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Chinese Literature
Da shiji xubian 大事記續編

The Four Categories of Literature
Dashiji xubian 大事記續編 “Continuation of the Great Historic Events” is a chronicle written by Wang Yi 王禕 (1322 – 1373), who compiled the imperial diary (qijuzhu 起居注) of Zhu Yuanzhang 朱元璋 (known as Emperor Taizu 明太祖, r. 1368 – 1398), the founder of the Ming dynasty. After the foundation of the Ming dynasty he and Song Lian 宋濂 were appointed chief compilers of the official dynastic history of the Yuan dynasty, the Yuanshi 元史. Wang Yi’s collected writings are called Wang Zhongwengong ji 王忠文公集. He also wrote the collection Huachuan ji 華川集. The 77 juan long Dashiji xubian is a continuation of Lü Zuqian’s 呂祖謙 history Dashiji 大事記, and therefore imitates the structure of this chronicle, except the custom of using headlines. According to Yu Xun 俞恂 the book began in the year 89 CE and end in the year 1276, when the Mongols conquered the Southern Song, but the transmitted version only reaches down to 959, the last year of the Five Dynasties. It might be that the original version was only available as a manuscript part of which has not survived. Unlike the great history Tongjian gangmu 通鑑綱目 by the Southern Song period philosopher Zhu Xi 朱熹, Wang Yi does not declare Liu Bei 劉備, founder of the empire of Shu 蜀, as the rightful successor of the Han dynasty, but treats the Three Kingdoms of Wei 魏, Shu and Wu 吳 equally, which is a more objective kind of historiography than that of the Neo-Confucian master Zhu Xi. Wang Yi made use of a lot of historiographical sources that are lost today, like Song Xiang’s 宋庠 Jinian tongpu 紀年通譜 or Liu Xisou’s 劉羲叟 (1015 – 1060, courtesy name Zhonggeng 仲更) Changli 長歷 (with the chapter Tongjian mulu 通鑑目錄). The Dashiji xubian was printed during the Zhengtong reign 正統 (1436 – 1449, with a length of only 73 juan) and again during the Chenghua reign 成化 (1465 – 1487). Reference: Siku quanshu.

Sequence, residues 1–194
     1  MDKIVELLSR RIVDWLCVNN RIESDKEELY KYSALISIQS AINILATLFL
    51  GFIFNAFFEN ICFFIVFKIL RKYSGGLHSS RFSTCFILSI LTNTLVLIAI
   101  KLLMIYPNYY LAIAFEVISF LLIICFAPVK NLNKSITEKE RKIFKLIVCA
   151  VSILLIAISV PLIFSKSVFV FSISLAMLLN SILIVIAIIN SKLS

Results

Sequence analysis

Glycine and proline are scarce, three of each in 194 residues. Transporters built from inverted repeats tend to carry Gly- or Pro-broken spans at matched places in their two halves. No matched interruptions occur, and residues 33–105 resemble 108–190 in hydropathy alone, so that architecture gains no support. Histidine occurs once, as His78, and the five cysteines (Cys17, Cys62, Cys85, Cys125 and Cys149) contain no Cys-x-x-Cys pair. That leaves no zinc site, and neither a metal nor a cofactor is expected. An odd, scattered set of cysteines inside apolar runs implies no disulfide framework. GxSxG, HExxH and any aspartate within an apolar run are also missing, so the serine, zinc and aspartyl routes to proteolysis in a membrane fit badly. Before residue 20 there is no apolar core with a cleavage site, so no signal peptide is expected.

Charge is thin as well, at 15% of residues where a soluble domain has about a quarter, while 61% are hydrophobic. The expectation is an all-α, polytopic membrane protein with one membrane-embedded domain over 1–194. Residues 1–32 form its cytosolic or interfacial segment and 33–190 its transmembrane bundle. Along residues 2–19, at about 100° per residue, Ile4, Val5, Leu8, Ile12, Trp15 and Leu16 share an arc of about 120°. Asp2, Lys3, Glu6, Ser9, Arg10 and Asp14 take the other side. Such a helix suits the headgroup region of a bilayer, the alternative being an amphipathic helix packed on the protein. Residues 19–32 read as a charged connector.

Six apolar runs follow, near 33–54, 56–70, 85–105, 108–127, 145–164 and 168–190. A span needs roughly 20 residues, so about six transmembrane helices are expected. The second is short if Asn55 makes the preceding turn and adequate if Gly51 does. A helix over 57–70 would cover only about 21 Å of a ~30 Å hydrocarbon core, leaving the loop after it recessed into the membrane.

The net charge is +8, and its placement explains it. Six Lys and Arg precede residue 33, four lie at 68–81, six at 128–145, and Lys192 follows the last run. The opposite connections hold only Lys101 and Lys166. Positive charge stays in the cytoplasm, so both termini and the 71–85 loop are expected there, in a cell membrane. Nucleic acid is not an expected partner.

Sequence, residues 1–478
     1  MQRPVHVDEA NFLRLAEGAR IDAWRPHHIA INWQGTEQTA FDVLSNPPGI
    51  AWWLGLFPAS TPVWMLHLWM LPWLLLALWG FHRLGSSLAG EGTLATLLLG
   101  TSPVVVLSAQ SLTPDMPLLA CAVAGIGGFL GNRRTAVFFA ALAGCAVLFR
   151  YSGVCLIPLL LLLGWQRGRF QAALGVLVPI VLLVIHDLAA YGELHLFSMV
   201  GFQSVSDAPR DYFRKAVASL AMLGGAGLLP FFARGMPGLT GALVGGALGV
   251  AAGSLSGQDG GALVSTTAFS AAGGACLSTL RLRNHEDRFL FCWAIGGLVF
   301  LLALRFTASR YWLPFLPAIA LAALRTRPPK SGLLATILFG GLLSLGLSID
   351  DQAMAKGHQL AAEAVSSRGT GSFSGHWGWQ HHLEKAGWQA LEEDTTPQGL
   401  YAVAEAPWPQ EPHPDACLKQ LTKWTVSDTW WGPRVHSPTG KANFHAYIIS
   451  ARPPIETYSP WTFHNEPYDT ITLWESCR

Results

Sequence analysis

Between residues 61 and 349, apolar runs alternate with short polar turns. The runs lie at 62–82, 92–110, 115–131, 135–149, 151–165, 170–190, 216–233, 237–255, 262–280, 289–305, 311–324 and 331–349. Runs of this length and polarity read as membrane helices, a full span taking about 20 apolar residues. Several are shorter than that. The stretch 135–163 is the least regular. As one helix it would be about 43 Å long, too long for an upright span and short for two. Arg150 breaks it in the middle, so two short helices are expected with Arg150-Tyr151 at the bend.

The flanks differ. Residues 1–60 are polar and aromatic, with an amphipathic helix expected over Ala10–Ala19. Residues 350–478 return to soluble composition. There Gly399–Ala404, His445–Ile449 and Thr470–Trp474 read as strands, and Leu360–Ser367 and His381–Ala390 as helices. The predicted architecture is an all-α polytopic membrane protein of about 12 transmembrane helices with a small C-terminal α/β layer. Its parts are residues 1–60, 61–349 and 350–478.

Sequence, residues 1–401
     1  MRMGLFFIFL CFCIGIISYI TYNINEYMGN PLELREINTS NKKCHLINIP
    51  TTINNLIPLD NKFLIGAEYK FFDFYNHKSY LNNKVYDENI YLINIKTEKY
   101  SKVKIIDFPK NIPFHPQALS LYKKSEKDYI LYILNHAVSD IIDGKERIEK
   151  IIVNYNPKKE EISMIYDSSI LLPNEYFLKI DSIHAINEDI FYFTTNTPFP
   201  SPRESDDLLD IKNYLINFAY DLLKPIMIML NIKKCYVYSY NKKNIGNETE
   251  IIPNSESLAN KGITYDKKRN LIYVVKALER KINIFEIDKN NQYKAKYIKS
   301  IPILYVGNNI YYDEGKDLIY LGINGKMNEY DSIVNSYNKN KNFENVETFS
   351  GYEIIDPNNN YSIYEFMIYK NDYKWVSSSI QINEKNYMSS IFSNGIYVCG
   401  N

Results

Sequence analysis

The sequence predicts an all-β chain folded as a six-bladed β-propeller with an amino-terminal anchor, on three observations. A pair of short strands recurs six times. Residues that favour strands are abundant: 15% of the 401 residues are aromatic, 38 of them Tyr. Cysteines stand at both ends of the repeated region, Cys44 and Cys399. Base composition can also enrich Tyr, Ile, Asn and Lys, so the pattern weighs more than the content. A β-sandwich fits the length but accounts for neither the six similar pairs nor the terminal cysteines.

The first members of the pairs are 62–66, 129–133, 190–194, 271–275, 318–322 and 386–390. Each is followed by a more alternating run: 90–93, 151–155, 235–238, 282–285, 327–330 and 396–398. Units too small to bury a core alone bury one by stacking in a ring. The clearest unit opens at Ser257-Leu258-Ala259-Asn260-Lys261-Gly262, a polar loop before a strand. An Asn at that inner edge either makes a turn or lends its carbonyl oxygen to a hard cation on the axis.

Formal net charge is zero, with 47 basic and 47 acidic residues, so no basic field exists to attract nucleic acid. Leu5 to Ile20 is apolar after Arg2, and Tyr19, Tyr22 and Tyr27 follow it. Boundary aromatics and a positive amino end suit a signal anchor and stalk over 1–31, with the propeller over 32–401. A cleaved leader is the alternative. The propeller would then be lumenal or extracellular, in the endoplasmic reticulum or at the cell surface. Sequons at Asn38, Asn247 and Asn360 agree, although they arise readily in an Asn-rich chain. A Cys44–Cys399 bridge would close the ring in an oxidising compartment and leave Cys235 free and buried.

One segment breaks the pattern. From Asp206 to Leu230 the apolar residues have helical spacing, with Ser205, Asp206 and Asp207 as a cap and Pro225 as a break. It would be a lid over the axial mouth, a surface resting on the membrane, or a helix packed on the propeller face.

Source: Li Xueqin 李學勤, Lü Wenyu 呂文鬰 (ed. 1996), Siku da cidian 四庫大辭典 (Changchun: Jilin daxue chubanshe), Vol. 1, p. 893.

1.-20. Han period 漢 (206 BCE-220 CE, from 89 BCE)
21.-23. (Shu-)Han period 蜀漢 (221-263, Emperor Zhaolie 漢昭烈皇帝, Duke Si of Anle 安樂思公 and Emperor Yuan of Wei 魏元皇帝)
24.-35. Jin period 晉 (265-420)
36.-38. (Liu-)Song period 宋 (420-479)
39.-40. (Southern) Qi period 齊 (479-502)
41.-43. Liang period 梁 (502-557)
44.-46. Chen period 陳 (557-589)
47.-48. Sui period 隋 (581-618)
49.-70. Tang period 唐 (618-907)
71. (Later) Liang period 梁 (907-923)
72.-74. (Later) Tang period 唐 (923-936)
75. (Later) Jin period 晉 (936-946)
76. (Later) Han period 漢 (947-950)
77. (Later) Zhou period 周 (951-960)

October 23, 2013 © Ulrich Theobald · Mail
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